Leptin is a hormone made by the fat cells in your body. Its primary purpose is to control when your body feels hungry and how it stores fat. In obesity, your body doesn’t respond to leptin as well, and the levels in your body increase to compensate for this. This means you have trouble feeling full after you eat. Roux-en-y gastric bypass can help your body respond better to leptin, so you aren’t as hungry (Conner, 2021).
When you have excess weight, your body can become resistant to insulin. This makes your blood sugar levels go up, often causing diabetes. All types of weight loss surgery can improve your sensitivity to insulin, often within a few days after surgery. This can stop or even reverse the progression of type 2 diabetes (Conner, 2021).
Long-term studies have shown similar outcomes and complication rates for all participants, no matter what type of weight loss surgery they have (Conner, 2021).
Are there any side effects or risks from roux-en-Y?
Roux-en-y gastric bypass is one of the most common operations in the U.S., but any surgery can cause complications or side effects. This surgery won’t be the right choice for everyone.
Weight loss surgery isn’t appropriate for people with the following conditions (Mitchell, 2021):
- Current pregnancy
- Active cancer
- Severe kidney or heart disease
- Cirrhosis of the liver
If you have any of the following conditions, you might still be a candidate for RYGB, but your surgeon will have to assess your health status. These include (Mitchell, 2021):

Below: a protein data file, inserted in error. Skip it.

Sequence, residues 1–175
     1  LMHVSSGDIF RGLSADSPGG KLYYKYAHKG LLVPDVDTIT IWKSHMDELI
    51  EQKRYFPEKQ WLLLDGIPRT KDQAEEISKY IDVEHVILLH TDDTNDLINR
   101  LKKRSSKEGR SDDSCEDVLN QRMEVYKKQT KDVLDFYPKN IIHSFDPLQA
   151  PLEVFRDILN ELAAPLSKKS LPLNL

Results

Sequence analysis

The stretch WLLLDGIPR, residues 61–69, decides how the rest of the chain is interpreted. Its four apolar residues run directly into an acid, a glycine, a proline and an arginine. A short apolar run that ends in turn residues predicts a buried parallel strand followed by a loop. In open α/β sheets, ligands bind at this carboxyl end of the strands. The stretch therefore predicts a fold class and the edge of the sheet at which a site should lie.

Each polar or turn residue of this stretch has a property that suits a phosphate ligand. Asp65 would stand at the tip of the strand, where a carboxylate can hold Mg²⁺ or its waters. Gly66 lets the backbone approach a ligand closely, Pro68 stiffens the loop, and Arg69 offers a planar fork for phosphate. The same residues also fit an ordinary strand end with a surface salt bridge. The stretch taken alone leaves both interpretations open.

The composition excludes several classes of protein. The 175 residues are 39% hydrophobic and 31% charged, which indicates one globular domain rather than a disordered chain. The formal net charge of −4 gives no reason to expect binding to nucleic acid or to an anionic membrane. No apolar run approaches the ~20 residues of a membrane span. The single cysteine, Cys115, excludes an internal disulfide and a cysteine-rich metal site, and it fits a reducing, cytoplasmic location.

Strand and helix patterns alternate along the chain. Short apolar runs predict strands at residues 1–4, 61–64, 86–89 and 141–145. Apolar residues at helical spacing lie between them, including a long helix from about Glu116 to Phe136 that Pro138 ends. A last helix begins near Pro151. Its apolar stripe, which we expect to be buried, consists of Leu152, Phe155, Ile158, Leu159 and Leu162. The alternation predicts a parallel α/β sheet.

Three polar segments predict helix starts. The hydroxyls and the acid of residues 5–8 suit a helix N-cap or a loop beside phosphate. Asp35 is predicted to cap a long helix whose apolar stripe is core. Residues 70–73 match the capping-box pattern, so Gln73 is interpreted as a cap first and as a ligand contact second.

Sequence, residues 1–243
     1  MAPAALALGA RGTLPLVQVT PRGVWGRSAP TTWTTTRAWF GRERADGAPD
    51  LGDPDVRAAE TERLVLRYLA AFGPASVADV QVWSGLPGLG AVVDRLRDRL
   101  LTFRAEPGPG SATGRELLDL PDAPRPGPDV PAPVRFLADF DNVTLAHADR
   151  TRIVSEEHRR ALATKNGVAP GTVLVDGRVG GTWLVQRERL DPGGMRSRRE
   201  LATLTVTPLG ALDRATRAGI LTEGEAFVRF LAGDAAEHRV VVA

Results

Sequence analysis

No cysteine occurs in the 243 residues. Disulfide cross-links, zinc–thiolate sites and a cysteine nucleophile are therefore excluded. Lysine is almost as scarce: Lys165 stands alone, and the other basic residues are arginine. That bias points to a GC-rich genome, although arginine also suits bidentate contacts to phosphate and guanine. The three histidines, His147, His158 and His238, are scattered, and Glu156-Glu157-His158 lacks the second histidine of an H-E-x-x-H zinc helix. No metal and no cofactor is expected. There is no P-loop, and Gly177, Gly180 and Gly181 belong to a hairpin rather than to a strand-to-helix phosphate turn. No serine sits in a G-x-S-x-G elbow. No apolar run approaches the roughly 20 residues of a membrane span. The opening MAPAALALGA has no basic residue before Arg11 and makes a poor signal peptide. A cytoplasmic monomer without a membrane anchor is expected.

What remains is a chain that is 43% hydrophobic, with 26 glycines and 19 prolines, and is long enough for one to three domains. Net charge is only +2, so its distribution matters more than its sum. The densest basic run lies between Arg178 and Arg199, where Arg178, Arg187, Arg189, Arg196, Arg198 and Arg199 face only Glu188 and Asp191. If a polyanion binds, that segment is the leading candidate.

- Crohn’s disease
- Severe mental health problems
- A history of addiction
- Uncontrolled high blood pressure
- Intellectual disability
- Seizure disorder
Having roux-en-y surgery will affect the way that your body absorbs food and medications. This means you might not absorb your medications as well as you used to. Your healthcare provider might have to adjust your dosages. You might also develop vitamin or mineral deficiencies and need to take supplements (Mitchell, 2021; Seeras, 2021).
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Other possible complications from surgery include (Seeras, 2021):
- Narrowing of your GI tract
- Stones in your gallbladder
- Food moving too quickly through your GI tract (called dumping syndrome)
To maintain long-term weight loss, you will still need to make lifestyle changes and engage in regular physical activity. Since the size of the stomach is significantly reduced, you will only be able to eat small meals. If you eat too much at once, you might vomit. In severe cases, the small stomach pouch can break open, and you will need surgery to fix it.
How to talk to your provider about weight loss surgery